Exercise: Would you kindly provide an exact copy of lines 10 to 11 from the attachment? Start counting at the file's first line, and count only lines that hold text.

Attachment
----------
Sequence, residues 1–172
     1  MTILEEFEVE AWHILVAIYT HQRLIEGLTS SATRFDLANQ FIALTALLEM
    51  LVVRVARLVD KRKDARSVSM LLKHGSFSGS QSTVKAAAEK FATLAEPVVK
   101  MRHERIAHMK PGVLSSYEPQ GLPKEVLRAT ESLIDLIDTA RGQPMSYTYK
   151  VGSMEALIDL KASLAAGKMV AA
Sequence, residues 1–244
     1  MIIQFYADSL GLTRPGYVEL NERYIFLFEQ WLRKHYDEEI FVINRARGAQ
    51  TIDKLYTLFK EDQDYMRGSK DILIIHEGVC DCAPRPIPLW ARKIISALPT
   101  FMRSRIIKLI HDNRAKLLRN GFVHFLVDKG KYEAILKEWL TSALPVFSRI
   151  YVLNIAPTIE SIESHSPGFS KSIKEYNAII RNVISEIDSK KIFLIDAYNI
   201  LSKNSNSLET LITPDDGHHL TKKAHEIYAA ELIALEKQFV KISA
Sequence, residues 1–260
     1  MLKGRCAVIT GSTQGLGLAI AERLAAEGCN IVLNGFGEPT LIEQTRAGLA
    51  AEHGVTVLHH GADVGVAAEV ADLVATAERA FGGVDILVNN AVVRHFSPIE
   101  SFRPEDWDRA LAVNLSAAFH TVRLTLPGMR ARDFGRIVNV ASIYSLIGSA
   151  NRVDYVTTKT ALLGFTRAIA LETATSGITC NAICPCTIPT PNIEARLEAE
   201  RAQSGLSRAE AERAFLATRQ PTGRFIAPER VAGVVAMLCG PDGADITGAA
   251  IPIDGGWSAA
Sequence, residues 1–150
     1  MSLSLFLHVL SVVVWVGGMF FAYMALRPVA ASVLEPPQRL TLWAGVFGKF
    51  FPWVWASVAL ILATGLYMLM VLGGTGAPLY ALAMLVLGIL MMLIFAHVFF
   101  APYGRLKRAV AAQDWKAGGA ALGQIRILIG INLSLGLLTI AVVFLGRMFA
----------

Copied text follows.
   151  YVLNIAPTIE SIESHSPGFS KSIKEYNAII RNVISEIDSK KIFLIDAYNI
   201  LSKNSNSLET LITPDDGHHL TKKAHEIYAA ELIALEKQFV KISA